Discussion Of The Adelphia Communications Scandal?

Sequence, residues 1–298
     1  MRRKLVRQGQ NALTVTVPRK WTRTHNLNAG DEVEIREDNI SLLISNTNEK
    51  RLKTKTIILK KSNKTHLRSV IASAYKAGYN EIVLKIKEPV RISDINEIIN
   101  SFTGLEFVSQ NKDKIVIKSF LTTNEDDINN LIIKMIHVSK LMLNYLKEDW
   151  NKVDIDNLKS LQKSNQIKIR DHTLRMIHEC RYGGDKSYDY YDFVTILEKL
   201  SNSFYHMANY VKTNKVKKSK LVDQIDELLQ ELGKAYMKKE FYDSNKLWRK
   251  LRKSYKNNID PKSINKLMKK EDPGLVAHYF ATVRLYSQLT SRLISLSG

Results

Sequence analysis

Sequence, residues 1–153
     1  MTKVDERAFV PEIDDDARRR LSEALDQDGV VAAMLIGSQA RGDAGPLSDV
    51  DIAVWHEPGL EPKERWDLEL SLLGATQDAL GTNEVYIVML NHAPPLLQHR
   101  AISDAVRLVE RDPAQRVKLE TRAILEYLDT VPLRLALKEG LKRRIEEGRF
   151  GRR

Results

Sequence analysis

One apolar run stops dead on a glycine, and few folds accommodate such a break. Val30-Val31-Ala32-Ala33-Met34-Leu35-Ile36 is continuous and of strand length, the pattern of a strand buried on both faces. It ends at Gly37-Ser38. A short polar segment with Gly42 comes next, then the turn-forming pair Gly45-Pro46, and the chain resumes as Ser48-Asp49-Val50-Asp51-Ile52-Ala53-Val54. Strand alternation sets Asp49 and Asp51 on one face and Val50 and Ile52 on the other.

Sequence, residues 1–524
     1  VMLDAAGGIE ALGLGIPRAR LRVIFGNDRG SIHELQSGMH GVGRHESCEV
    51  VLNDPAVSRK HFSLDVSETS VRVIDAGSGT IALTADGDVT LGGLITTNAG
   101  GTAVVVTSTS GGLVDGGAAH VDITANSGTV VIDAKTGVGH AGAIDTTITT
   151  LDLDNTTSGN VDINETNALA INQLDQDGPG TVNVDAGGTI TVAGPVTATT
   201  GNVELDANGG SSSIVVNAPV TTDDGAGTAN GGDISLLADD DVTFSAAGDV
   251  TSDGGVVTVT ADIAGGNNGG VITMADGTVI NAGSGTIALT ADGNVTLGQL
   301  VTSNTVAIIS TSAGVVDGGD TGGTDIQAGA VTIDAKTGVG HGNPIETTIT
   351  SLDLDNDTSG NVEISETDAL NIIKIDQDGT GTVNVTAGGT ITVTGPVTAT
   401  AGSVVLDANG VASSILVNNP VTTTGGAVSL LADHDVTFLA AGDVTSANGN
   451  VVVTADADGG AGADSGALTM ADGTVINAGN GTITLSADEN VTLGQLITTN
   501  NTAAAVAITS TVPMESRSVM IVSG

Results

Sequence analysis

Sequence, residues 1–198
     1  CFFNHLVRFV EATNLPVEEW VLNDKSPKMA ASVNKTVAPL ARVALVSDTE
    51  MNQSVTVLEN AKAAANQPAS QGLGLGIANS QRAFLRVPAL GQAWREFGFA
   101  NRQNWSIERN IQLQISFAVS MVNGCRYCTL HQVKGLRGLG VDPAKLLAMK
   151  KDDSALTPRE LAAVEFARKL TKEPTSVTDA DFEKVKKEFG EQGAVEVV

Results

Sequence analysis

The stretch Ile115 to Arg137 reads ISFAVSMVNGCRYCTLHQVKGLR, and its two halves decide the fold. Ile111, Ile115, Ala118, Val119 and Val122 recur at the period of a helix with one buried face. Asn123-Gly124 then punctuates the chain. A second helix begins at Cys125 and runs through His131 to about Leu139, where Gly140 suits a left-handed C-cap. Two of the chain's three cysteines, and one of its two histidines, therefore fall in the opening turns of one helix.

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Introduction In today’s competitive and highly volatile market, the consumers’ trust and confidence is perhaps the most significant asset a company can have. In a blink of an eye, a company can lose years of progressive relationships and in effect, economic status, if its reputation is tainted, or worse, proven publicly to be corrupt. This is a lesson learned the hard way by Adelphia Communications Company, a business worth $3.6 billion and the country’s sixth largest cable company at the time (Leonard, 2002). This paper will examine how the executives of Adelphia Communications violated the trust and of the company’s shareholders and the trust of the larger public by engaging in the unjust enrichment and fraud. These two violations of business ethics will be discussed through the lens of deontological ethics. Discussion of Kant’s Categorical Imperative will be applied to provide further analysis of the two ethical issues identified. The Adelphia Communications Scandal The Adelphia Communications Scandal in 2002 dominated the corporate mainstream when the company’s management prepared financial statements that failed to represent the economic reality of the company by excluding billions of dollars of debt. The Securities and Exchange Commission (SEC) calls the case “one of the most extensive financial frauds ever to take place at a public company” (Markon & Frank, 2002). At the center of the case is John Rigas, the founder, former chairman, chief executive of the company and the patriarch of the Rigas family. Also arrested are his sons, Timothy and Michael, both former executive board members, James R. Brown, former Vice President of Finance, and Michael C. Mulcahey, former Director of Internal Reporting. The lawsuit filed by th... ... middle of paper ... ... the jury could not agree on verdict. He later plead guilty in making false entry in Adelphia’s records. For this he was sentenced to ten months of home confinement and demanded to pay a fine of $2,000.000 (Barlaup, Hanne, & Stuart, 2009). James R. Brown, the star witness, admitted to orchestrating much of the alleged fraud, remains free and awaits sentencing (Gilliland, 2012). The Rigas family still lives in Coudersport and still runs a cable company. In the years after trial. James R. Brown, Michael Rigas and a small team of former Adelphia Communications employees have reestablished the two private cable systems which were not ordered to be surrendered and sold. Currently, the new company has 35,000 subscribers in 12 states. The new company’s name is Zito Media, draws on their father’s native Greek (Gilliland, 2012). Loosely translated, it means “new life.”

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